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More than his reason. But 'tis a common proof,
Fashion it thus ; that what he is, augmented, 30 23. climber-upward] climber upward Ff.
“Most wretched man, hand for cause of war the propagation That to affections does the bridle of his law or sect; a quarrel that lend.
he may always command.”
29. Will bear no colour] cannot be Wrath, jealousy, grief, love, this justified on the ground of his actual
squire have laid thus low.” conduct. Compare 2 Henry VI. III. 21. a common proof] a matter of i. 236: “But yet we want a colour common experience.
for his death." Coleridge well re22. young ambition's ladder] Malone marks that “surely nothing can seem compares Daniel's Civil Wars, 1602: more discordant with our historical "The aspirer once attained unto preconceptions of Brutus, or more
lowering to the intellect of the StoicoCuts off those means by which Platonic tyrannicide, than the tenets himself got up."
here attributed to him, the stern 26. base degrees] low steps which Roman Republican, namely, that he he now scorns. * Base" combines would have no objection to a king, or the ideas of lowness and contempt. to Cæsar, a monarch in Rome, would For this use of “degree” compare Cæsar but be as good a monarch as Twelfth Night, 11. i. 134: “I pity he now seems disposed to be.". Peryou ; that's a degree to love." haps Shakespeare was afraid that he
28. prevent] first person plural of might offend his royal patron if he the subjunctive used imperatively as attributed pure republican sentiments "fashion” (line 30), “think” (line to the most attractive character in the 32), “kill” (line 34), "pass” (1. ii. play, and therefore represented him 24), “break” (11. i. 116), and "go" here as opposed not to monarchy in the (iv. iii. 223).
abstract, but only to bad monarchy. 28. quarrel} (Lat. querela, com. 30. Fashion it thus) let us regard plaint) ground or principle of op- it in this light. Brutus here, as in position. Compare “I could not 175-180, is wrongly supposed to be die anywhere so contented as in the contemplating deliberate hypocrisy. king's company, his cause being He is really trying to put such a conjust, and his quarrel honourable struction on the deed as will satisfy (Henry V. iv. i. 133), and Bacon's his own conscience, and is not think29th Essay: “The Turk hath ating of the opinion of the world.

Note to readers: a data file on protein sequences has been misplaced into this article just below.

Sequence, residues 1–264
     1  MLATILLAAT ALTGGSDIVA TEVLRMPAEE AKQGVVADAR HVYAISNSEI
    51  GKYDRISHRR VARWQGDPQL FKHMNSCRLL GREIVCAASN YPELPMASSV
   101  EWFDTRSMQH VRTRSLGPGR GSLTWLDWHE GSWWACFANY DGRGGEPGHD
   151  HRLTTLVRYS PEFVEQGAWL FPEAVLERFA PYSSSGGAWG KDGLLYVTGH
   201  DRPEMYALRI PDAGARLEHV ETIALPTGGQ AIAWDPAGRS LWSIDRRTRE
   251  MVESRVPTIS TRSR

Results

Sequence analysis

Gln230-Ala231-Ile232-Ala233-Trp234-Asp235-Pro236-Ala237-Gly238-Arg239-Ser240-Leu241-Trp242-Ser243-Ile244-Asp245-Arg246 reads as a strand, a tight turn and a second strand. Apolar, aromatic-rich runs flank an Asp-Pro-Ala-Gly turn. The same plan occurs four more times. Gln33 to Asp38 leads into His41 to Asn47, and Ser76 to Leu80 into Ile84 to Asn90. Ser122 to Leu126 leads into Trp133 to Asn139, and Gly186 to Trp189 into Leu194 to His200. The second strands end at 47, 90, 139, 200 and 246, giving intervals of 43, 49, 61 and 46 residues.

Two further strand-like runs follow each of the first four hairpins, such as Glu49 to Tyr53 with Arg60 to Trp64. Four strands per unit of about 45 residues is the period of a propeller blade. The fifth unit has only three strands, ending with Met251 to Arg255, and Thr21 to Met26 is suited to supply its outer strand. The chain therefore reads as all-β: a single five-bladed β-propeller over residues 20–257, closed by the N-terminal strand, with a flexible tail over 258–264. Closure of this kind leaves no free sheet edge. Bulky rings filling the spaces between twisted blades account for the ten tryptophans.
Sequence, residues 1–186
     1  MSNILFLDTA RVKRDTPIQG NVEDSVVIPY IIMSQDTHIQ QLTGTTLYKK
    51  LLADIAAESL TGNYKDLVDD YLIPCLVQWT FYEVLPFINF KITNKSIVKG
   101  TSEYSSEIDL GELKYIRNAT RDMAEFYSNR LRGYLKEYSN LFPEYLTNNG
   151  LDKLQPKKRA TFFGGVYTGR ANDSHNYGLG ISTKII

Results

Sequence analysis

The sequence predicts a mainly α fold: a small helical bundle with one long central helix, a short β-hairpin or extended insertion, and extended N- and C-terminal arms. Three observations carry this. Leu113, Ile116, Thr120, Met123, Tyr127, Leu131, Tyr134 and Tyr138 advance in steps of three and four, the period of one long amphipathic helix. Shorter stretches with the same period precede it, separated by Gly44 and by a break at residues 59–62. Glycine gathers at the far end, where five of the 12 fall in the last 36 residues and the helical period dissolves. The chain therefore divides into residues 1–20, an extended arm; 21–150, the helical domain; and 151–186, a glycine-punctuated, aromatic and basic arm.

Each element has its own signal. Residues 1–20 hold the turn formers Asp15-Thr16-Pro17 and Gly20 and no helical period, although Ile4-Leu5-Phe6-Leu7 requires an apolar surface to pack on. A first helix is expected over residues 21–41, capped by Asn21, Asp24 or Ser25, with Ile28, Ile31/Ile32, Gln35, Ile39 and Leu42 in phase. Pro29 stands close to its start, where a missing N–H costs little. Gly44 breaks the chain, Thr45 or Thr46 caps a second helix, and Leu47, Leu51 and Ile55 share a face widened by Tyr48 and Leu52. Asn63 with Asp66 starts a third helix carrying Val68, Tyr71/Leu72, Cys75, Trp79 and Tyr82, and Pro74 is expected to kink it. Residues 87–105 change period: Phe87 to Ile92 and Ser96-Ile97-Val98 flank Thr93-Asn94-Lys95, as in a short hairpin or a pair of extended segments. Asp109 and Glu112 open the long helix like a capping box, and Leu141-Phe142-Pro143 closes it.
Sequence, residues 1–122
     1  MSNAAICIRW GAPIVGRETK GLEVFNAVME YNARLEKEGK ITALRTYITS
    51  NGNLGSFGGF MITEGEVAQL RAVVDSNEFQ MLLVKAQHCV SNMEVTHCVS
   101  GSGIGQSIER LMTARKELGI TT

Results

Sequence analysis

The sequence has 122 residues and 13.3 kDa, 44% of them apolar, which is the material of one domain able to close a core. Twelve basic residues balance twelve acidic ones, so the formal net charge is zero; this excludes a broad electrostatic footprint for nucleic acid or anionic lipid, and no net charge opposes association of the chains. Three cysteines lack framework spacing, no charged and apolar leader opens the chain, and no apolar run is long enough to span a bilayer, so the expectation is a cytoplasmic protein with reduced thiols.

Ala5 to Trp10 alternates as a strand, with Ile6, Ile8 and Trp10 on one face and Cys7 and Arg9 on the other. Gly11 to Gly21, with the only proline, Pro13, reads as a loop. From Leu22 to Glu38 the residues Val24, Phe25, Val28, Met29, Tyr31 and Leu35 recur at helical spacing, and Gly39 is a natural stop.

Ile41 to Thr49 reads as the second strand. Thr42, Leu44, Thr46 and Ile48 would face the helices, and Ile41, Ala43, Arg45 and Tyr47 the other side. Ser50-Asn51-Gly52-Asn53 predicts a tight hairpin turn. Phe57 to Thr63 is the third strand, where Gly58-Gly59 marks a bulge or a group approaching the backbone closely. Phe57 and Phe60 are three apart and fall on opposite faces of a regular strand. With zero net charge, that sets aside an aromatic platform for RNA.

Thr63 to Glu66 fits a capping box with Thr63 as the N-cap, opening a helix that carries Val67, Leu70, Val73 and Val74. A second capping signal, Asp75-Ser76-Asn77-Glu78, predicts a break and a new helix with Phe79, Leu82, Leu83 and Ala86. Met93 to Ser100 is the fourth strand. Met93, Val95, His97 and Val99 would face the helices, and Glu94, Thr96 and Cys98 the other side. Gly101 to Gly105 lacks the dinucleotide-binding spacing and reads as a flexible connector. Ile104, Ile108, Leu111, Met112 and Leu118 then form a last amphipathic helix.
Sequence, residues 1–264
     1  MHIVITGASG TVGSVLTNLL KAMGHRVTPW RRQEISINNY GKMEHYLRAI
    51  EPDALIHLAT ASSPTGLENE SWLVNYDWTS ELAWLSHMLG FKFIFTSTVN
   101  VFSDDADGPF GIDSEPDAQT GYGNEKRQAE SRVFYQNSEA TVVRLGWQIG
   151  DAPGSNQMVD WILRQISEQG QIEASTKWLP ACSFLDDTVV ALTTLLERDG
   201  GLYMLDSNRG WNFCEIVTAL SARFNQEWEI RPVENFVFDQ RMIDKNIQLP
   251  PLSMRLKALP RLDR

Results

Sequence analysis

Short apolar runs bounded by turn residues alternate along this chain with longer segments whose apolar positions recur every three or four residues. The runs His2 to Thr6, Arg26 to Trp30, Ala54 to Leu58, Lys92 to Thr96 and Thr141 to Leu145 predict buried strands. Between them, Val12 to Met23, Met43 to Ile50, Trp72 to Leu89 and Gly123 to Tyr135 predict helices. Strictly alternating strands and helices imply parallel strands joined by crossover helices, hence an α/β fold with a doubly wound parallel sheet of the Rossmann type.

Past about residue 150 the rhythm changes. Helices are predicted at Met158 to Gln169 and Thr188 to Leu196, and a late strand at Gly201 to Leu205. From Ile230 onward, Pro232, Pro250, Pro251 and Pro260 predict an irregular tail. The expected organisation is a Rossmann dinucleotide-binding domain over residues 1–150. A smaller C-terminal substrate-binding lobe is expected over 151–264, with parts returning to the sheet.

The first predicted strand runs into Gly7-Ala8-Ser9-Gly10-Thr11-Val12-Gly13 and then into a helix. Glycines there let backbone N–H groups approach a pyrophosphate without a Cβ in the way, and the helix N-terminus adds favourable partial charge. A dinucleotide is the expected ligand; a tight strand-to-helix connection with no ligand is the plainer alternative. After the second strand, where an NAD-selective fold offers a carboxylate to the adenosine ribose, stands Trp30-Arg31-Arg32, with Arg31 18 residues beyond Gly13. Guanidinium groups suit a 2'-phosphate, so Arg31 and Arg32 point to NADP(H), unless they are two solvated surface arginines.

Would run to these and these extremities;
Luc. The taper burneth in your closet, sir.
[Gives him a letter. Bru. Get you to bed again; it is not day.
Is not to-morrow, boy, the first of March?
40. first] Ff, ides Theobald and later editors.
31. these and these extremities] "Ides.” It is more probably a slip certain extremes that he has in his of the poet's, traceable to a passage in mind but does not specify.. Compare the life of Brutus in which we read the use of “these” in 1. iii. 30. that Cassius asked Brutus “if he
33. his kind] its species. “His” were determined to be in the Senate is neuter possessive, as in i. ii. House the first day of the month of 123.
March, because he heard say that 34. in the shellj Craik well remarks Cæsar's friends should move the that “it is impossible not to feel the Council that day, that Cæsar should expressive effect of the hemistich here. be called king by the Senate.” The line itself is, as it were, killed in Shakespeare, reading this passage, the shell."
naturally supposed that it referred to 40. first of March] As is plain the day of the assassination, on which from the answer of Lucius(line 59), the the Senate had resolved to give a crown morrow, or rather the day then com- to Cæsar (11. ii. 93). He thus from mencing, for it is evident from 1. iii. his original got two dates mixed up in 163 that it was past midnight, was his mind, and in the hurry of writing the fifteenth or Ides of March. It is for the stage may have overlooked therefore generally supposed that the inconsistency. “first” in the Folios is a misprint for
Bru. The exhalations whizzing in the air
[Opens the letter.
52. What, Rome?] What Rome? Ff. 56. thee) F1, 4; the F 2, 3.
53. ancestors] Ff, ancestor Dyce.
44. exhalations) meteors. See note indignation that Rome should be so on 1. iii. 10.
servile and submissive. 48.] This is not the end of the letter, 53. My ancestors] The plural may but the beginning repeated as a sub- be justified on the supposition that ject for reflection.
several members of the Brutus family 51. piece it out] fill up the gap. took part in the expulsion of the Brutus by the uncertain light of the Tarquins. Brutus was a plebeian, and meteors reads only the beginning and not descended from the patrician end of the letter, and conjectures the family to which the old Brutus berest to be of a tenor similar to the longed. The common name, howinstigations that have been dropt in ever, naturally made people believe his way before.